After mile 6, we started seeing a lot of the half marathoners that were ahead of us, who had reached the turn-around point and were on their way back. We saw a few friends and we waved and cheered for each other.
Marcie teased me, "You know everyone here!"
"Nah. I don't know that guy."
Marcie and I reached the turn-around at mile 8ish. When we turned around we found ourselves running straight into the wind.
Luckily, I was distracted from the wind by scanning the half marathoners heading toward the turn-around looking for friends who were behind us. There were a bunch and, again, we waved and cheered for each other.
We turned a corner at mile 9-point-something and were sheltered from the wind. Whew.
Miles 7-10: 8:57, 9:05, 8:57, 9:00
At mile 10, Marcie said to me, "Do you think you're up for a sub 30 minute 5K?"
Yes. I was pretty sure I could finish with each mile being under 10 minutes. I was also pretty sure that the past 10 miles were all done at a sub-10 minute pace.
Marcie said, "A sub-2 hour finish is in the bag. Now, let's see how far under 2 hours you can go."
I started to get excited.
|Mile 10ish. Photo taken and owned by ORRRC.|
And she did. There's no way I could keep a conversation at this point. I was pretty much speaking in grunts.
We turned the corner to head to the finish line just after mile 12.5. Unfortunately, the road to the finish was uphill and we were back to running into the wind.
On our way up the hill, Marcie was a little ahead of me.
"Come on, Jamie! You've got this!"
I grunted, "I want to finish ahead of you!"
"Well then get up here!"
She wasn't making this easy on me, was she?
I kicked it in high gear a sprinted to the finish. Barely ahead of Marcie.
Miles 11-13: 8:43, 8:47, 8:34, the last .15mi was 7:49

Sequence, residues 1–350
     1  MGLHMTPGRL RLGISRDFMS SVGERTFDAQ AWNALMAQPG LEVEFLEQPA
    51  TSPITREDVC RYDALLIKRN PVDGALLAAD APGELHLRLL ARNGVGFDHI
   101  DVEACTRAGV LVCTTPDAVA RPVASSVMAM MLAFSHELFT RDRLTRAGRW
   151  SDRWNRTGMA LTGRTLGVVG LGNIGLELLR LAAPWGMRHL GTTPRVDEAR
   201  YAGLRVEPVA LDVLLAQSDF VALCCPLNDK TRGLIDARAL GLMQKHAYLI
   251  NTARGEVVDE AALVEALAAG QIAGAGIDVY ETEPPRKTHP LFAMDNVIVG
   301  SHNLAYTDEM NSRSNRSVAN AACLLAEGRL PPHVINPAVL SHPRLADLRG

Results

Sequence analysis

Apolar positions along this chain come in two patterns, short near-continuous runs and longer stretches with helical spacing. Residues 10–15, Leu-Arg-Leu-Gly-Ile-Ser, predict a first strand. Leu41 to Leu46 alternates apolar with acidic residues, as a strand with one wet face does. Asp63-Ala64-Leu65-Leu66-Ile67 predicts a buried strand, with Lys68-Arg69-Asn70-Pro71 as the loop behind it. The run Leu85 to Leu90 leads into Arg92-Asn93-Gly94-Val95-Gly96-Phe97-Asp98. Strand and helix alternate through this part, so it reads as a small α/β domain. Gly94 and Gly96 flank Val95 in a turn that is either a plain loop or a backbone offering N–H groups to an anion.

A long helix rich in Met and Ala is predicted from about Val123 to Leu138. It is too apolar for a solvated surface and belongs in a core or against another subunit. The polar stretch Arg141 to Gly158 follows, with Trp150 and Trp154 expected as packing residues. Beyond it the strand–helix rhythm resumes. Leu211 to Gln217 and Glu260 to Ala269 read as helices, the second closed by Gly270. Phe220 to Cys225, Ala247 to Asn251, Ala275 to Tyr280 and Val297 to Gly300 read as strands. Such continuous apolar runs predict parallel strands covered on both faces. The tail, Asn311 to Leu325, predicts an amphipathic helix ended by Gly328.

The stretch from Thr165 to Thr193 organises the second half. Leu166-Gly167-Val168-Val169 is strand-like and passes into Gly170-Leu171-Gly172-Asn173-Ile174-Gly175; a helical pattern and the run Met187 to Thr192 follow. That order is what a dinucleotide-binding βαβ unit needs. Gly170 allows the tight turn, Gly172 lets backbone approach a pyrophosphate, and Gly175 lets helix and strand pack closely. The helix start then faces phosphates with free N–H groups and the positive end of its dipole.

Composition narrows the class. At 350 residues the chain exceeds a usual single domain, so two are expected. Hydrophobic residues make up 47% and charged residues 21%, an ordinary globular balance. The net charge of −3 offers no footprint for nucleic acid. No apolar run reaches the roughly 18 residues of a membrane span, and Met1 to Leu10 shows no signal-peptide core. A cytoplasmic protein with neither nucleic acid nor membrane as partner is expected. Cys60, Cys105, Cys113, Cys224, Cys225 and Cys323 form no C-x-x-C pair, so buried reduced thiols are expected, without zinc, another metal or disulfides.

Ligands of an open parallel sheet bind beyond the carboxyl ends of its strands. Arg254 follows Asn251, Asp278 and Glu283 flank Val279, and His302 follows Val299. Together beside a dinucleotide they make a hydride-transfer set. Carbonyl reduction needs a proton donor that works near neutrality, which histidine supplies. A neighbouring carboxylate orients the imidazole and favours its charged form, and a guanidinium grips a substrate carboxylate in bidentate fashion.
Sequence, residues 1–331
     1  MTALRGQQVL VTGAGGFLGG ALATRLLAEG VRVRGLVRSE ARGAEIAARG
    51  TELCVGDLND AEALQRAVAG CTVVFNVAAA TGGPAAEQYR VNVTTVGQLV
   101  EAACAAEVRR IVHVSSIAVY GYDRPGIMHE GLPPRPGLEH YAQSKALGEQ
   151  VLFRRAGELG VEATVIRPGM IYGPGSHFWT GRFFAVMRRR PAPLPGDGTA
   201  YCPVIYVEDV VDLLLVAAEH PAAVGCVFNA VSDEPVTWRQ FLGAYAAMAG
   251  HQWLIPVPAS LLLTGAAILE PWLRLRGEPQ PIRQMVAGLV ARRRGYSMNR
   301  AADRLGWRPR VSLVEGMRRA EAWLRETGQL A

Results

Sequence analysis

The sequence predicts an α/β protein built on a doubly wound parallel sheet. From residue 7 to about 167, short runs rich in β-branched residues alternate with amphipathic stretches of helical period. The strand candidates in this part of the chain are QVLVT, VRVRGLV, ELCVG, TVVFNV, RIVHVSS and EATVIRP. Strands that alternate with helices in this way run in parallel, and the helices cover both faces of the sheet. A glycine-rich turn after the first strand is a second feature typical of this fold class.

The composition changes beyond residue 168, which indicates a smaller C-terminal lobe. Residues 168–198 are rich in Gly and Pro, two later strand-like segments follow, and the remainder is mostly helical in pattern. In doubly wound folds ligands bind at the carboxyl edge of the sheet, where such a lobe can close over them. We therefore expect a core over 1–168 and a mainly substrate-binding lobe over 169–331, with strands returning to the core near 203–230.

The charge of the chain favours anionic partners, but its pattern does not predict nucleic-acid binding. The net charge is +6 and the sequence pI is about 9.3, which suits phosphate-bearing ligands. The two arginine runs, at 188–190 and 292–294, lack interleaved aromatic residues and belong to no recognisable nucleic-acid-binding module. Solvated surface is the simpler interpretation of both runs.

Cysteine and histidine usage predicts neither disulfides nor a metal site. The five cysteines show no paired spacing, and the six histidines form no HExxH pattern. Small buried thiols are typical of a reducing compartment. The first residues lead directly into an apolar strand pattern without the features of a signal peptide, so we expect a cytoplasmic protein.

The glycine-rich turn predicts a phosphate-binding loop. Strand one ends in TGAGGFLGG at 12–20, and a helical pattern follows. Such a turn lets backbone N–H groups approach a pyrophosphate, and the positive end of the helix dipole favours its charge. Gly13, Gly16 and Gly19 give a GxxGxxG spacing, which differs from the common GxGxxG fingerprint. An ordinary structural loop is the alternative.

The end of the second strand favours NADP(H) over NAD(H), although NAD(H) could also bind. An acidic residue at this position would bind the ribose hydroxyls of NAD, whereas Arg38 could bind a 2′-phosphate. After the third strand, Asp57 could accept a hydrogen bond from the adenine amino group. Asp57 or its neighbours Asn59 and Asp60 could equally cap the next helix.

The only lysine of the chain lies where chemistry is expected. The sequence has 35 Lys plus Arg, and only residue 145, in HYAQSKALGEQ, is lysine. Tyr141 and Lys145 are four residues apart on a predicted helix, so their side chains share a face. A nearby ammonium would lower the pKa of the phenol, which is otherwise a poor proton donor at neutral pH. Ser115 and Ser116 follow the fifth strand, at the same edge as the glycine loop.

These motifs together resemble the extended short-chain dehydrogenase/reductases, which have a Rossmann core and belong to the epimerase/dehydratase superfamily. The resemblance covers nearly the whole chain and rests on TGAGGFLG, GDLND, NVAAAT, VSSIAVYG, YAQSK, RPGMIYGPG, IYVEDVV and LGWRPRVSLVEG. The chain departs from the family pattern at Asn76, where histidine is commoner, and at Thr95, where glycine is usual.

I was beaming as I crossed the finish line.
Official time: 1:57:48
I was shocked. Completely stunned. Speechless.
Then I cried. (Of course I did.)
Marcie put my medal around my neck and hugged me, "I'm so proud of you!"
And all I could say was, "Holy shit."
That was hard. I knew my legs would hate me the next day (they did) but I was thrilled and in awe of what I was able to do...and all I had to do was try.
About the race...
The Ohio River Road Runners Club Marathon and Half is held in Xenia, Ohio. It's a small race, but growing every year due to word of mouth, no doubt. This race is well-run, has fantastic post-race food and you seriously can not beat the price.
The course starts at the Xenia YMCA, runs through town on the roads, then onto hilly country roads before heading to the Erie Trail (paved multipurpose path) for an out and back, finishing at the YMCA. The course is just challenging enough to make racers wish they'd trained on hills a little more.
Xenia is not a big city like Columbus and, therefore, does not have the crazy amount of spectators that Columbus has. If you need cheering spectators to keep you going, this is not the race for you.
I, for one, will be back every year because I like the price and the challenge...and it's fun to see so many of my Columbus runner friends taking over the streets of Xenia.
Anyone else want to join us next year? (waggles eyebrows)